I have given a batch of row vectors stored in the matrix U, a batch of column vectors stored in the matrix V and a single matrix M. For each row vector u in U and each column vector v in V I want to compute the sum of the matrix product u *M*v for each batch.
Here is a small toy example doing what I want to do with a for loop:
U = torch.arange(1,10).reshape(3,3)
V = torch.arange(1,10).reshape(3,3)
M = torch.tensor([1, 2, 3]).repeat(3,1)
result = 0
for u,v in zip(U.t(), V):
result += torch.matmul(torch.matmul(u,V),v)
I know there is torch.bmm() to perform batch matrix matrix multiplication. If there was something similar for a batch vector dot product (e.g. torch.bvv()) I could do bvv(matmul(U,M),V) .
In that case, you can call .sum() on result to get a scalar. Basically, every element of result matrix contains the multiplication result of a combination of u, M, v.
Maybe, you can work out the math and the result.sum() to see if it is correct.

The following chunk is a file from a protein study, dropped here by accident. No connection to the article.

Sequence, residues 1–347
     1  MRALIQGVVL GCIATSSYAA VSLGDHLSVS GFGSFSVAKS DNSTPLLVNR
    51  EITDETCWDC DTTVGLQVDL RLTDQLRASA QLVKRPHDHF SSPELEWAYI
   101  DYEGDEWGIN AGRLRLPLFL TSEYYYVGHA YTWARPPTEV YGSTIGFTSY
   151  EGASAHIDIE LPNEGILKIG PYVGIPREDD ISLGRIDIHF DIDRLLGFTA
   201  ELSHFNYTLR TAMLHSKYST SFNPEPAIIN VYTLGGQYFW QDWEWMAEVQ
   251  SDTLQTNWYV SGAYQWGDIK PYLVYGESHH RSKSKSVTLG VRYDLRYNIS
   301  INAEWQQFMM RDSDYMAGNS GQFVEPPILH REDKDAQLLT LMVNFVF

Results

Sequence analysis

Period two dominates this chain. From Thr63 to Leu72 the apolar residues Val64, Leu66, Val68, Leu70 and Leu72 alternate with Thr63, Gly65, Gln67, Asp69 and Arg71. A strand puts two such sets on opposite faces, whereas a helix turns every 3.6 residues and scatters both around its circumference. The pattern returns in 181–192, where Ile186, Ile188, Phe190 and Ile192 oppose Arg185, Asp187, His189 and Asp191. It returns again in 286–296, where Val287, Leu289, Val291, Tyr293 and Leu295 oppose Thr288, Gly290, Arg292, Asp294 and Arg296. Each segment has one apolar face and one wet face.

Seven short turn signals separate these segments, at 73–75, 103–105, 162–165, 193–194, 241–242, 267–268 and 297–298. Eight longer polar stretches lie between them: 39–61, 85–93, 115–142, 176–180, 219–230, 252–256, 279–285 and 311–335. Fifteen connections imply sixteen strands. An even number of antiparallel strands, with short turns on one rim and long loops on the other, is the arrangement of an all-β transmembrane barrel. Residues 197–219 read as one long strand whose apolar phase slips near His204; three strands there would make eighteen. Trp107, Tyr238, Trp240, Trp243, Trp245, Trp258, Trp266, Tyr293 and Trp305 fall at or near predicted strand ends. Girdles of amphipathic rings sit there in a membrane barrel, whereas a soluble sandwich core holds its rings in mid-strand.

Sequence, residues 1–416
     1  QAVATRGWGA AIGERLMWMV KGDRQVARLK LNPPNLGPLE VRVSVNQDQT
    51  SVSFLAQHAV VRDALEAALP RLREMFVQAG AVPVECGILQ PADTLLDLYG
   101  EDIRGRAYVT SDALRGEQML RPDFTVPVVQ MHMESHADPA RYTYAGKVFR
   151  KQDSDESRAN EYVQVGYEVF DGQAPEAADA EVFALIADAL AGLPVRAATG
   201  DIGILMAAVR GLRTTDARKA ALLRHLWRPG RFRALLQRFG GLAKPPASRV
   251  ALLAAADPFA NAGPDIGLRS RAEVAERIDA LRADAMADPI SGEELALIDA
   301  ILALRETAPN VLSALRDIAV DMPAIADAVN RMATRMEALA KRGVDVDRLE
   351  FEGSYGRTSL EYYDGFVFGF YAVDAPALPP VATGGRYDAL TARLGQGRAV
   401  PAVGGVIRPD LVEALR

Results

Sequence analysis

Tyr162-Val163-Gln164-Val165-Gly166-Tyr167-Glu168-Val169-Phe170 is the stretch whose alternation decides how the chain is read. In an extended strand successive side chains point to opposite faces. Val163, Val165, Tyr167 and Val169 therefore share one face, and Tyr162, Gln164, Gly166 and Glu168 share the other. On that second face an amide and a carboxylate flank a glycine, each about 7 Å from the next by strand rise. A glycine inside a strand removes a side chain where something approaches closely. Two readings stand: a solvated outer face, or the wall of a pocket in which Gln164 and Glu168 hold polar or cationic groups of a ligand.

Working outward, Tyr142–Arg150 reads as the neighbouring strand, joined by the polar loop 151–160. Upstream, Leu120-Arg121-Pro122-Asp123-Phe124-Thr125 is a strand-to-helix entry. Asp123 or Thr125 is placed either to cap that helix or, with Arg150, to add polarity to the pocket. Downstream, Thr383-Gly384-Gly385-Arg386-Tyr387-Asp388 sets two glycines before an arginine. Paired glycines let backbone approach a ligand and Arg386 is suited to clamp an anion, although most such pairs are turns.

Thanks for pointing out the bilinear function, it’s very useful and I wasn’t aware of it.
Though, in my case, I had to do a bit of squeeze/unsqueeze-ing to get it to work. The dimensions are exactly as in my einsum example, namely (B,M), (B,N), and (M,N) for U, V, and W, respectively. Calling bilinear(U,V,W) in this case requires W to have a dim of (Y,M,N), where Y is the number of out-features, so I had to call it like this bilinear(U,V,W.unsqueeze(0)).squeeze() to make it equivalent to torch.sum(U @ W * V, dim=1).
In addition to that, torch.sum(U @ W * V, dim=1) seems to be about ~1.5 times faster than bilinear(U,V,W.unsqueeze(0)).squeeze() in my case, though I’m not sure why.